After reading the first chapter of a great book by Dallas Willard and John Ortberg*—and you know it will be profound with those two authors—I was musing about Jesus’ words in Matthew 28:18-20: Jesus came to them and said, “All authority in heaven and on earth has been given to me. Therefore go and make disciples of all nations, baptizing them in the name of the Father and of the Son and of the Holy Spirit, and teaching them to obey everything I have commanded you. And surely I am with you always, to the very end of the age.” This is commonly called the Great Commission although Willard wryly comments that it perhaps should be called The Great Omission.
Most Bible scholars agree that the intent of verse 19 is “Going…” or “As you go…make disciples of all nations…” A simple, stated fact that will be—or should be—true of Christ followers. “You will be going throughout the world, so have this as a goal: make disciples…” After these words spoken by Jesus, after the apostles’ preaching and the followers’ obedient lifestyle began making inroads into all of society, after Stephen’s bold sermon and subsequent martyrdom, tragic events began: …a great persecution broke out against the church in Jerusalem and all except the apostles were scattered throughout Judea and Samaria… Those who had been scattered preached the word wherever they went. As they went they were making disciples.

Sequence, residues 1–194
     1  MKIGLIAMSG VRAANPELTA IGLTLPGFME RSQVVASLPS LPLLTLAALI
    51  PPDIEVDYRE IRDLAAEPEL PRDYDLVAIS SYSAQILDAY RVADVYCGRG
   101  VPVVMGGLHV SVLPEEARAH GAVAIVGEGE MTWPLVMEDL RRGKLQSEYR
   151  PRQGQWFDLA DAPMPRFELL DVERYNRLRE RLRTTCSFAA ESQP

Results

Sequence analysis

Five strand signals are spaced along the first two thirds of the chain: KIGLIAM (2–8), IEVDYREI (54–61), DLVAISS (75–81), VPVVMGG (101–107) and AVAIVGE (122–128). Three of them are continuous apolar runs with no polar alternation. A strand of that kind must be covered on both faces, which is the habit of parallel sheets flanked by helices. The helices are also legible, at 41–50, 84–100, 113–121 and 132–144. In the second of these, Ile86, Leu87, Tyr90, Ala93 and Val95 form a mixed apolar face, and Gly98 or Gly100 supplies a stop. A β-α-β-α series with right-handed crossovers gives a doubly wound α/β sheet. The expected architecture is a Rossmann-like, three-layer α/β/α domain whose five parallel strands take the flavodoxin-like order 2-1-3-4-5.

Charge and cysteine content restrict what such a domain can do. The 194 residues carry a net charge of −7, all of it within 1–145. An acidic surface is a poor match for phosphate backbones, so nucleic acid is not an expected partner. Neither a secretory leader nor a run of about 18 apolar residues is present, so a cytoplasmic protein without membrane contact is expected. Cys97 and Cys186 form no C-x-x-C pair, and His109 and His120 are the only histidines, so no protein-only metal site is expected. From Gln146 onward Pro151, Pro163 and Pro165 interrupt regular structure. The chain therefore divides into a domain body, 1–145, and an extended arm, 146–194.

What would it look like if we took seriously this as you go commission in our day? When a new job necessitates a move to another part of the country, what if the family took this as a “commission” to make disciples in the new community? When a student is accepted at a university in another city, she assumes this is a “commission” to make disciples in that place. When retirement allows a move to a warmer climate, the primary “commission” is to eagerly seek out opportunities to make disciples. When age and infirmity dictates that a couple move into an assisted living facility, their “commission” is to be part of discipling—as health and energy allows—in that building.
I observed this last scenario several years ago while living in Abbotsford, British Columbia. A once vibrant and energetic couple began experiencing physical frailty in older age. They could no longer manage living in their home and moved into a wonderful community with care for their needs. One afternoon I met “John” in the grocery store and inquired into how they were settling into this new lifestyle. This man who had been founding pastor of several small churches throughout Western Canada responded sadly, “I think my days of ministry are over.”
Several weeks later we again met and I repeated my question. This time his face lit up with a beaming smile. “I guess God’s not finished with me yet. I’ve discovered lots of the people around me may be old in physical age, but they know so little of what it means to be a disciple. I’ve started a small study in our unit…”
As you go, make disciples.
*Dallas Willard and John Ortberg, Living in Christ’s Presence, (InterVarsity Press, 2014)